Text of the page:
Spotting scopes can be used for different types of activities that require higher magnification, such as hunting, birdwatching, night surveillance, digiscoping, and target shooting!
Because there are many different types of tripods on the market, I’m sure we have all asked ourselves if we can just use our regular camera tripods to support our spotting scopes. Well, the answer is yes and no. Like purchasing a tripod for your camera, you’ll want to keep a few things into mind, like weight load capacity, maximum and minimum height, tripod head, and leg type.
Nonetheless, a tripod is essential for your spotting because it will eliminate any shakiness and instability that can potentially blur your view. You also want to decide what type of head you would like on your tripod (although I recommend a panhead since it pans much smoothly and you can get a quite detailed shot/view). You also want a tripod with adjustable and durable legs that will keep your spotting scope on place, even on rough terrains.
The majority of the tripods on the market feature a 1/4×20 thread size which stands for all spotting scopes, DSLR cameras, and binoculars! All tripods (except for tabletop tripods) come with a centre column that can be extended to achieve more height. While this is a great feature to have, it’s important to note that elevating the centre column too high can decrease stability and lead to some wobbliness.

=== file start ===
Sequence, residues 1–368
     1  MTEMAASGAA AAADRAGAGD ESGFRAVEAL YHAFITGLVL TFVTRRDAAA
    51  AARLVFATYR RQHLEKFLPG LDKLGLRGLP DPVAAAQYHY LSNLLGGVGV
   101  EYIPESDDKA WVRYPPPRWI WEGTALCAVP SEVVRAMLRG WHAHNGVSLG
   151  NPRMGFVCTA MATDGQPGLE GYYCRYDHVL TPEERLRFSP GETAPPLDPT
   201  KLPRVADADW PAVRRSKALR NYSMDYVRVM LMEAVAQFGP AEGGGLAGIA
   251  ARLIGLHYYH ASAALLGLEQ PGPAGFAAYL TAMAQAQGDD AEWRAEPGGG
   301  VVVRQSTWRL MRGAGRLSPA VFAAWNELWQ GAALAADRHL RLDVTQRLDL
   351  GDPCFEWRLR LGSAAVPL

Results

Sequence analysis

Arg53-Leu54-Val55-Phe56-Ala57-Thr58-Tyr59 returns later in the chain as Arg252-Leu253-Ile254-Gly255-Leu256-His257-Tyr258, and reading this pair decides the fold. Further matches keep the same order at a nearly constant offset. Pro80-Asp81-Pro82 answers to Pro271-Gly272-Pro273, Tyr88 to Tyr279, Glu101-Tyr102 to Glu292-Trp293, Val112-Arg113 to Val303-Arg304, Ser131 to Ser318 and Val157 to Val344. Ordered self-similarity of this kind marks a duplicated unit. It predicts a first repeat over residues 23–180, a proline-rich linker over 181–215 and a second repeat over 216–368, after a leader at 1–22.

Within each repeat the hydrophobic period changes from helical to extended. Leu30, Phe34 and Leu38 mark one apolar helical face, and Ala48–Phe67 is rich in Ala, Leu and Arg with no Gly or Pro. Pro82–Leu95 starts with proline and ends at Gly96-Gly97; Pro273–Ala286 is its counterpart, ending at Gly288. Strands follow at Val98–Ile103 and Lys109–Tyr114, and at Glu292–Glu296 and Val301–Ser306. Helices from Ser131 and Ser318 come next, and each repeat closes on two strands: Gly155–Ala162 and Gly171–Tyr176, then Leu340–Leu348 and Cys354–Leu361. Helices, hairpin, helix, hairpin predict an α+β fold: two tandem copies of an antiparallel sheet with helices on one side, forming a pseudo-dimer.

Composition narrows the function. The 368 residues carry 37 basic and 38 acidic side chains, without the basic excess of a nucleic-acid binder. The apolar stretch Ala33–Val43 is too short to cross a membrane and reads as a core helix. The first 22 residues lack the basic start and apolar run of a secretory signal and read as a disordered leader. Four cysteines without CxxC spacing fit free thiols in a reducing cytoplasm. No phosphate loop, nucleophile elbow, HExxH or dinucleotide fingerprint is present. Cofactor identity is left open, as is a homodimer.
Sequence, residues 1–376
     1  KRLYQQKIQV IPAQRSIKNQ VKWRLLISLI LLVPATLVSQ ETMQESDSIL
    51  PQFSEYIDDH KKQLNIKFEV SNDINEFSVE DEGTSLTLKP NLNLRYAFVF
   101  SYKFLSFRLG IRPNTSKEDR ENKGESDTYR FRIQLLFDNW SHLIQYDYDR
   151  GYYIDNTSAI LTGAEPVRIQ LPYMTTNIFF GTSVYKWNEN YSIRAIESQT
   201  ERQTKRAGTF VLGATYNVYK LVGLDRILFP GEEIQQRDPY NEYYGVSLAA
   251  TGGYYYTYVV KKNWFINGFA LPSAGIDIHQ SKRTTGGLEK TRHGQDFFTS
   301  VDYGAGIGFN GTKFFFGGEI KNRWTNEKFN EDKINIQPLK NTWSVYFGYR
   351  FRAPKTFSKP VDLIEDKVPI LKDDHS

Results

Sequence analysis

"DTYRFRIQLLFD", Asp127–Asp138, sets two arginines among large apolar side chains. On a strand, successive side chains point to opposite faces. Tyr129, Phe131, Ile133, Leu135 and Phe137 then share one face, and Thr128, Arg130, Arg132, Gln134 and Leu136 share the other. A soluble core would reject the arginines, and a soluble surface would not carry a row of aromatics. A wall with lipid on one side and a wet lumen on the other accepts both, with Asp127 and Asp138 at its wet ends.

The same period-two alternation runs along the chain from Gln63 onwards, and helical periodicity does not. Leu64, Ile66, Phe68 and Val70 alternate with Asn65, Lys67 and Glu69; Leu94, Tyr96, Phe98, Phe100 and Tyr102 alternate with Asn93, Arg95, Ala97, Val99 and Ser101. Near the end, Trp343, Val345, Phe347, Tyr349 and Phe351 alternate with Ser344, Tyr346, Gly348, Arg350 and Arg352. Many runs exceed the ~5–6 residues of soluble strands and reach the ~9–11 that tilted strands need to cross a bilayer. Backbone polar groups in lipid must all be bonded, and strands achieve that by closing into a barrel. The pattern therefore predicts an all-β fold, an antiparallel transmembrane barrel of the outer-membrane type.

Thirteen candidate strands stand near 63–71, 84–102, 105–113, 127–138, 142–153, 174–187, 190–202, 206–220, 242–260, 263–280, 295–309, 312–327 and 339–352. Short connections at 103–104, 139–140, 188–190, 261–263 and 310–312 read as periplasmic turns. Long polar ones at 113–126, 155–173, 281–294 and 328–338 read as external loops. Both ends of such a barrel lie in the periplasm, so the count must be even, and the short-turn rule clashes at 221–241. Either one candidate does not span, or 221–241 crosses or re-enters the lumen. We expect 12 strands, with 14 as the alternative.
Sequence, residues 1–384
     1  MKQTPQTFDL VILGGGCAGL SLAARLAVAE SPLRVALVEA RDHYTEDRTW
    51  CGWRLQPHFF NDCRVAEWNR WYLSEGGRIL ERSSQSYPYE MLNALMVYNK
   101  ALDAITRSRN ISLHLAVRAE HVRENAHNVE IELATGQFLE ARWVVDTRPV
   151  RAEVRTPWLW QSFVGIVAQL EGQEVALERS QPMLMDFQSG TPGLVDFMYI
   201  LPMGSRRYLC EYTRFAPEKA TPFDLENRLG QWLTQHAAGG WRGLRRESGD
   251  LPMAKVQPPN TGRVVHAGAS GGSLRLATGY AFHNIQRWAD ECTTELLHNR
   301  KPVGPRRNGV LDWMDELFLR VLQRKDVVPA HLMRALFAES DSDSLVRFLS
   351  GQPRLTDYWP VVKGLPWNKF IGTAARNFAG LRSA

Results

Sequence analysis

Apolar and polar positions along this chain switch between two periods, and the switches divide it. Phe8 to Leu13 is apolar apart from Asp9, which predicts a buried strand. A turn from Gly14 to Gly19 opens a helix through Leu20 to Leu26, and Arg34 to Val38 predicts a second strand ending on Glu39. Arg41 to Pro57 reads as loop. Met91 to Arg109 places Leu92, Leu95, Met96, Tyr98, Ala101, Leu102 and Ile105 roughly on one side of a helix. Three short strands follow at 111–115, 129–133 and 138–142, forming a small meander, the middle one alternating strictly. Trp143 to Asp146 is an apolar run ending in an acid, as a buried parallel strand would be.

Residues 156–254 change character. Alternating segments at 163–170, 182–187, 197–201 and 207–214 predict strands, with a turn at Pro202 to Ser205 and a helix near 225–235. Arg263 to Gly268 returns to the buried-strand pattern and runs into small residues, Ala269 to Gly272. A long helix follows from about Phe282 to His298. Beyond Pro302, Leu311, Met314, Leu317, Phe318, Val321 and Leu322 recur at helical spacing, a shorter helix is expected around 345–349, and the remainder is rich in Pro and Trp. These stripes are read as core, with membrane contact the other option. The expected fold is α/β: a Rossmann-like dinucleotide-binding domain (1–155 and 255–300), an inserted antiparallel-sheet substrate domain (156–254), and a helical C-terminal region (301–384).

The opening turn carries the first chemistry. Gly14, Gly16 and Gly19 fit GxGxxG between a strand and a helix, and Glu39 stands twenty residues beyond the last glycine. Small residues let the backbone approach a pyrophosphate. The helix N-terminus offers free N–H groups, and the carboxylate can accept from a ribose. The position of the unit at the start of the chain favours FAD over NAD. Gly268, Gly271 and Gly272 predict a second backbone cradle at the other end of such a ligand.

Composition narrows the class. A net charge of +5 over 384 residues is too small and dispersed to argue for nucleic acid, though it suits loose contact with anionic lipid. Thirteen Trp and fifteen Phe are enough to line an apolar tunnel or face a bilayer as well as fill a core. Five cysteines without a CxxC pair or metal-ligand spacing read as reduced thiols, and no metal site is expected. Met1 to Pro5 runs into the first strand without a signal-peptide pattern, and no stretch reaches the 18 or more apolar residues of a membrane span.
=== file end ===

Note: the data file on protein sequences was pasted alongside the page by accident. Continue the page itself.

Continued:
While you can use your regular DSLR tripod for your spotting scope, you want a sturdy, portable, and durable tripod that will provide a solid base for your spotting scope. If you’re using a scope with an objective lens between 45mm to 70mm, a compact tripod is generally recommended as for a scope with an objective lens diameter of 80mm and more, I would recommend using a heavy-duty full-size tripod. However, they tend to be on the heavier side, which is not ideal for portability. They’re ideal for activities that don’t require you to take your gear with you for extended periods of time, like target hunting and prone shooting.
A Final Note on Tripods
To summarize, a tripod stabilizes and absorbs any vibrations, while keeping your equipment solid and sturdy! Larger heavy-duty tripods provide better stability but because they are heavier, are not so easy to take along with you. Smaller compact tripods are much more easier to carry but are not as stable as heavy-duty tripods. However, you should only worry about purchasing a heavy-duty tripod if you plan on using a spotting scope that has a lens diameter of 80mm and more. The price point of your tripod will also depend on how often and for what activities you use your tripod. If you decide to opt for a budget-friendly tripod provided that you gear is not too heavy, you should be fine but you may need to upgrade in a year or 2. However, if you’re starting out with your spotting scope, a budget-friendly option is definitely a way to test if you like your activity/hobby.